Although  it  isn’t  used  for  accountability  or promotion/selective  enrollment,  it  isn’t  a  complete  waste  of time.    It  is  the  only  measure  we  have  this  year  aligned  to  the full  depth  and  breadth  of  the  Common  Core  and  the  only uniform  measure  across  the  state.    While  NWEA  is  aligned to  the  CCSS  in  terms  of  strand  alignment,  text  and  item complexity,  it  is  of  course  only  available  in  multiple  choice. ISAT  also  includes  extended  response  items  aligned  to  the CCSS.

Because  Illinois  requires  ISAT,  schools  are expected  to  present  all  students  with  the  test.    Students can  refuse  to  test,  but  must  remain  quiet  and  not  disrupt testing  for  other  students.

I  definitely  understand  the  frustration  with  time  spent  on assessment  generally  and  unhealthy  testing  practices (bubble  kids  strategy,  narrowly  focusing  on  certain skills…etc).    Believe  me,  we  are  working  to  change  this. We  have  sent  out  messages  and  talked  with  principals  and Chiefs  about  what  it  means  to  prepare  students  to  do  well on  assessments  that  are  aligned  to  the  Common  Core. While  you  guys  may  be  hearing  about  the  bad  practices, there  are  also  plenty  of  principals  and  teachers  that  are getting  the  message  about  how  high  quality  daily  tasks  that truly  ask  kids  to  think,  write,  defend  their  choices…etc  are the  key.    This  is  a  process  that  will  certainly  take  time,  but we’re  committed  to  it.

At  the  same  time,  I  hope  that  MTAS  and  the  other  groups you  guys  work  with  can  deliver  a  message  that  fully  informs parents  of  the  facts  about  ISAT  (and  other  tests)  and  any potential  repercussions.    As  you  know,  I’m  always  more than  willing  to  talk  to  you  guys  and  help  clear  things  up.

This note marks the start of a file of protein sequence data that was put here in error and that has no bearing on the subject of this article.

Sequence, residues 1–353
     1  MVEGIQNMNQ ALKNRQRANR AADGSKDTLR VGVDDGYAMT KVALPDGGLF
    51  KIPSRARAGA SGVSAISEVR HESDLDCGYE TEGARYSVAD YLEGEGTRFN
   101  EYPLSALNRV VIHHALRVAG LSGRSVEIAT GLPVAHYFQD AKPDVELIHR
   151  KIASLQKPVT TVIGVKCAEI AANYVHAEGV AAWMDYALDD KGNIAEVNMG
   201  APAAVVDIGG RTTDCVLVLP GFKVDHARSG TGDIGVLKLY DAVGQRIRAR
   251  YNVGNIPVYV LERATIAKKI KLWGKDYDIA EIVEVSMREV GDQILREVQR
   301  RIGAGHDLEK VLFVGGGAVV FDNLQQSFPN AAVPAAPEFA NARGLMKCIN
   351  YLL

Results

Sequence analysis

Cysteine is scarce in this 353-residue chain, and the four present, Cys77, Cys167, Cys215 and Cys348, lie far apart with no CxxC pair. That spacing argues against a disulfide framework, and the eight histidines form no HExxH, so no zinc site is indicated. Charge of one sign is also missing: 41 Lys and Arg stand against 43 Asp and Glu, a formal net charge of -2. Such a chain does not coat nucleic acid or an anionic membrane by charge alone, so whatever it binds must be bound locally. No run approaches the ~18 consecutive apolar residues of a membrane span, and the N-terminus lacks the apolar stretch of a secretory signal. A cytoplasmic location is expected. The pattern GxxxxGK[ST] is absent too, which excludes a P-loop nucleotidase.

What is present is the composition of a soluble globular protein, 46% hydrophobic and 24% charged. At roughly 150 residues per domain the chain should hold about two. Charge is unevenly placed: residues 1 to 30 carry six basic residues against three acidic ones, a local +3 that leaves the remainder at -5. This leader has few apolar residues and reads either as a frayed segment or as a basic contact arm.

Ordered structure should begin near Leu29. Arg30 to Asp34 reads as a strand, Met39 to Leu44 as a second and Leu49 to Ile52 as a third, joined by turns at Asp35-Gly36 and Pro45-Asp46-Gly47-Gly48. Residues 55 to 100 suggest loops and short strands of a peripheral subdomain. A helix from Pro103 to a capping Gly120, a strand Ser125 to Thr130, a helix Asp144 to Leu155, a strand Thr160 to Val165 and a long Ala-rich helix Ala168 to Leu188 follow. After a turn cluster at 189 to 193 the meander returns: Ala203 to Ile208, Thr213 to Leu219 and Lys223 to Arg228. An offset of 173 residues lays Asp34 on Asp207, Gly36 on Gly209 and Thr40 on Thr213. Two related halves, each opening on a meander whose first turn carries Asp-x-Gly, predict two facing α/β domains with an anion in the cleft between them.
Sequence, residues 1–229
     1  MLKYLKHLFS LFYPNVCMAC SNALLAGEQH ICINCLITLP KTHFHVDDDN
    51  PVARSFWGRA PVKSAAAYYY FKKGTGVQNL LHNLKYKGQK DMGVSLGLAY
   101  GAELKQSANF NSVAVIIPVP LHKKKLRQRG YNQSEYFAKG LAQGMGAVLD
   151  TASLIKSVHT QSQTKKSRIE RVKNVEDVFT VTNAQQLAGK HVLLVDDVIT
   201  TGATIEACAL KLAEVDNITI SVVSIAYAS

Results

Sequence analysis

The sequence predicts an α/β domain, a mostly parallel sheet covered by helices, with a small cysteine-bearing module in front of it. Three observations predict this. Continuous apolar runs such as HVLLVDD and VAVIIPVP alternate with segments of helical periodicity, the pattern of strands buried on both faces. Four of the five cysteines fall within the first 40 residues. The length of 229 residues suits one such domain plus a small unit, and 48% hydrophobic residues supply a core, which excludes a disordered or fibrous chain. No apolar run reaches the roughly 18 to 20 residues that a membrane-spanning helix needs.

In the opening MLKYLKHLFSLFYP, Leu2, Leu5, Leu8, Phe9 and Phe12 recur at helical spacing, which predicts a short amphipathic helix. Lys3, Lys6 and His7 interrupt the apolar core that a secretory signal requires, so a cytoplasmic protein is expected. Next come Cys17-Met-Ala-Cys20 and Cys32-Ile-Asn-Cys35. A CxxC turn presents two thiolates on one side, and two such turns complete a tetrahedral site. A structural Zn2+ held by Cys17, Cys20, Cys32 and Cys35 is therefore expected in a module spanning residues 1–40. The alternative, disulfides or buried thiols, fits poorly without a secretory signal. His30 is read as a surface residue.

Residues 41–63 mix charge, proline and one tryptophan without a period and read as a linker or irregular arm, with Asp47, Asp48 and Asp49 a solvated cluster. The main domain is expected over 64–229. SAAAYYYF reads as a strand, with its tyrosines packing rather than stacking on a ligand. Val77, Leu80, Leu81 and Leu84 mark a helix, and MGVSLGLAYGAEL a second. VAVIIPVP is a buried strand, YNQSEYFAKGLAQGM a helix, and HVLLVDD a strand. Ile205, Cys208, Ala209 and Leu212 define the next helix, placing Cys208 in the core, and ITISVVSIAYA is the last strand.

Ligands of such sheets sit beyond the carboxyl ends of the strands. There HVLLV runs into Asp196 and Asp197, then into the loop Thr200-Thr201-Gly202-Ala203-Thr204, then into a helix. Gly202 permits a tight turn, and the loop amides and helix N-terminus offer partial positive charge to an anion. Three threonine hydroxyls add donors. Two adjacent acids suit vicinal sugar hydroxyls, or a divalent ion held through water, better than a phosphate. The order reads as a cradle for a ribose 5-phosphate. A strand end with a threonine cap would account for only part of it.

Please  let  me  know  if  you  have  any  questions.

Thanks, Didi

-­-­

Didi  Swartz Director  of  Assessment  |  Office  of  Accountability Chicago  Public  Schools773-­553-­1161

The response from the parent group, More Than a Score.

There  is  no  evidence  that  the  federal  government  will  limit  Title  I funding  due  to  testing  opt  outs.  If  ISBE  or  US  Ed  has  evidence  of this  ever  happening  anywhere  or  under  consideration,  please have  them  produce  it.  We  have  reviewed  the  US  Code  and  the CFR  and  found  no  references  to  automatic  funding  cuts  for  failure to  make  AYP.    Below  95%  participation  averaged  over  three  years would  trigger  an  AYP  failure,  but  the  district  has  not  made  AYP since  at  least  2005,  and  only  64  CPS  schools  made  AYP  last  year. If  there  were  any  cuts,  they  happened  already.